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Controversial safe sex campaign returns in Queensland

A safe sex campaign that was pulled down after complaints from Christians and then reinstated will return in the Australian state of Queensland from this month
Last year's Rip & Roll advert

A controversial safe-sex campaign targeting gay men has returned in the Australian state of Queensland a year after it was removed from billboards and bus shelters following an orchestrated campaign against it by Christian activists.

The Rip & Roll campaign resulted in 222 complaints, making it the most complained about advertisement in Australia in 2011, after the far-right Australian Christian Lobby urged its members to complain about it.

Advertising company Adshel initially removed the campaign’s posters, which showed two clothed men embracing and a condom packet, from billboards and bus shelters but reinstated them after a public backlash in support of the campaign, with 90,000 people joining a Facebook page in support of the campaign.

‘Healthy Communities is proud to continue a 28 year tradition of promoting safe sex and condom use among gay men, our target population, based on peer education and a sex positive approach,’ Queensland Association for Healthy Communities executive director Paul Martin said.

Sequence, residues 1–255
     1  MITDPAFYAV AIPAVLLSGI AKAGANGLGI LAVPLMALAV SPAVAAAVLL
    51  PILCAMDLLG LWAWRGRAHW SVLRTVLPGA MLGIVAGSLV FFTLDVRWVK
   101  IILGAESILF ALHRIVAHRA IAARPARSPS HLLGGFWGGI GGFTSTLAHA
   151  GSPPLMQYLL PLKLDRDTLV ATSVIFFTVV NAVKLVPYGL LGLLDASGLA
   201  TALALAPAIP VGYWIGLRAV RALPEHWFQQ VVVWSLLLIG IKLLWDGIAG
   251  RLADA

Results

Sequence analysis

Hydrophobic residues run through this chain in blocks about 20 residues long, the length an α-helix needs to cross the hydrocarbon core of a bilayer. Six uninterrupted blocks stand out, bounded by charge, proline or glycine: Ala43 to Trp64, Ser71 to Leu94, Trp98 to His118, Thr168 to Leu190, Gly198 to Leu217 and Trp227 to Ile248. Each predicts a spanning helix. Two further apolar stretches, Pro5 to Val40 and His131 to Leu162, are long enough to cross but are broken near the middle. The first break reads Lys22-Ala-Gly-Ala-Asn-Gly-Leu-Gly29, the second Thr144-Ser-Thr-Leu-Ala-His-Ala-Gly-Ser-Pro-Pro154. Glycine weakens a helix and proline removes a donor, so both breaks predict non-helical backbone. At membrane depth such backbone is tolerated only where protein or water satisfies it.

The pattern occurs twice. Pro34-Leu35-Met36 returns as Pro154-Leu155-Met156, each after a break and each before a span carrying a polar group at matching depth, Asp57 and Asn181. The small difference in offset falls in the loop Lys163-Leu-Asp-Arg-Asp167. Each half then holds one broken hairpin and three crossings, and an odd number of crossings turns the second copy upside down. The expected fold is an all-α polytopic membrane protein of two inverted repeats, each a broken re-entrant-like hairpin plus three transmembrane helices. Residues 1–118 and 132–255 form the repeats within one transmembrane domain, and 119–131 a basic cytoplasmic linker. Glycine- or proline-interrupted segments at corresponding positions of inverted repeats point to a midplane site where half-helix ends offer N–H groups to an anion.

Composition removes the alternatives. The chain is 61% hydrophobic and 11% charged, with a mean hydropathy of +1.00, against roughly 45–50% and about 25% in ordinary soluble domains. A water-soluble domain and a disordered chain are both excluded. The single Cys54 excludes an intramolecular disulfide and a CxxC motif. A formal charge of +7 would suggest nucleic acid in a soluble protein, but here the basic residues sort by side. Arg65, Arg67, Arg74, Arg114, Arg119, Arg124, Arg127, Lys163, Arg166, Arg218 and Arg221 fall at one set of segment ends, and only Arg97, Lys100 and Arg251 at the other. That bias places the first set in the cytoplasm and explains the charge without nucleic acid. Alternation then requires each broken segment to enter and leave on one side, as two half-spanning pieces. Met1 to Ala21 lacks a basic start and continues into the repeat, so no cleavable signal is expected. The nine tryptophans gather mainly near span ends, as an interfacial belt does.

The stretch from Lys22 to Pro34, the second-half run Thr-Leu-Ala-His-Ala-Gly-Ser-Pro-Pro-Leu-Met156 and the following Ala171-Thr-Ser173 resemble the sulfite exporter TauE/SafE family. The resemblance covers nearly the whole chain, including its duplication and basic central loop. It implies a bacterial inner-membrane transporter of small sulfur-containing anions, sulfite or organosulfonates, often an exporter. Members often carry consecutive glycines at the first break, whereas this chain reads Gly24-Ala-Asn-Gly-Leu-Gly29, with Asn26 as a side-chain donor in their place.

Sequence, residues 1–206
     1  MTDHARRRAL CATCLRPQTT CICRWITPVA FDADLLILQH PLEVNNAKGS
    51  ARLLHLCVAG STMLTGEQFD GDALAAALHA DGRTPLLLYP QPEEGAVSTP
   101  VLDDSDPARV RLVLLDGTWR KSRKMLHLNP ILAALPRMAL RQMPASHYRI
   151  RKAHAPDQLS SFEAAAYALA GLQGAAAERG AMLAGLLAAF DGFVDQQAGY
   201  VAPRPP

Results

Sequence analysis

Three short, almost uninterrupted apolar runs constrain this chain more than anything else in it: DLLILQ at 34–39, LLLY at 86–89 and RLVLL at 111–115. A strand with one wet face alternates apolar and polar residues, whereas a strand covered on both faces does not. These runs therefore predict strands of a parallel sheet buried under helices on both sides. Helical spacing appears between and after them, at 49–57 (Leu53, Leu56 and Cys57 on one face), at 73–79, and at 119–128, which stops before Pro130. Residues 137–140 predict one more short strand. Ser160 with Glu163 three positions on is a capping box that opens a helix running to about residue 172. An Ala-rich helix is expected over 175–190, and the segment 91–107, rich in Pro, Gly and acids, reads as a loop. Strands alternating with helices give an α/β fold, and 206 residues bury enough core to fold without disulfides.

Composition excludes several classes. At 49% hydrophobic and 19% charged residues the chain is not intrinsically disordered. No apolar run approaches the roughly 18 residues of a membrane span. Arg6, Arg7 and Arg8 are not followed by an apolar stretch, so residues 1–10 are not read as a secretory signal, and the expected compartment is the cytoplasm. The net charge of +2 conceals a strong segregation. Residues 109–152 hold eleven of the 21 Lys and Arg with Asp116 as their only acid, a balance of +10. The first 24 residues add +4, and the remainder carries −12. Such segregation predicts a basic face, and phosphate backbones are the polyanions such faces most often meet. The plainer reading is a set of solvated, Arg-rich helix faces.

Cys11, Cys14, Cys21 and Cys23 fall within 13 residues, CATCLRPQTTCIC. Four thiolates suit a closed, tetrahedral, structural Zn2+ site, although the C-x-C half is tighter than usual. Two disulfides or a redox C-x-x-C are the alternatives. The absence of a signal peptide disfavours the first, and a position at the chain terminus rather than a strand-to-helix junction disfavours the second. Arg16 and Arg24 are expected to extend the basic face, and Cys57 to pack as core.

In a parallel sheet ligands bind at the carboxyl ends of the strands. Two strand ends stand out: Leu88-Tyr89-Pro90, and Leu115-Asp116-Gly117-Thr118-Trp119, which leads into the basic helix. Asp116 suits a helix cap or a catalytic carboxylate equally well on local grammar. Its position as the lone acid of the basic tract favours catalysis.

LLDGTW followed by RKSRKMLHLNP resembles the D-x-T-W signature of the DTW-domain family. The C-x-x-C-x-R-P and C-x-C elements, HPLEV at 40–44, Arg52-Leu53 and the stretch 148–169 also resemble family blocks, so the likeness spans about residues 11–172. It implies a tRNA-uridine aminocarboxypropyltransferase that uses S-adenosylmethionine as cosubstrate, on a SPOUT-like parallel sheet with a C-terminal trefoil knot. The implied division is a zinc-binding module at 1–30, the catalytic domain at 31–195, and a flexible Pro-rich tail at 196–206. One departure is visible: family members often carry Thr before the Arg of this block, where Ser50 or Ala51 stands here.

‘Campaigns that promote fear, guilt or blame only serve to turn gay men off safe sex messages, while campaigns that validate the lives of gay men and allow them to enjoy sex, safely, are the most effective.’

Posters for the campaign will appear in 35 bus shelters around inner-city Brisbane from August 12 and on billboards in Surfers Paradise, Townsville, Cairns, Capalaba and Albion.

Healthy Communities expects more complaints from the Australian Christian Lobby but is confident the campaign can go ahead following a ruling by the Australian Advertising Standards Bureau in support of last year’s campaign.

‘The Board is strongly in favor of the important health message this advertisement portrays and considered that whilst some members of the community would prefer not to see this issue advertised, the public health message overrides any social sensitivity,’ the Bureau found.

‘The Board noted that the advertisement does not contain any nudity and considered that the image of the two men hugging was not sexualized and that the advertisement is very subtle in its handling of the issue of safe sex. The Board considered that the overall tone of the advertisement is clearly that of a medical issue and not of a sexual issue.’

Healthy Communities is Queensland’s only LGBT community health organization and is going forward with the campaign despite being stripped of $2.5 million in funding from the new conservative Queensland state government.

The organization is seeking other sources of fundraising but has already had to make a number of staff redundant.

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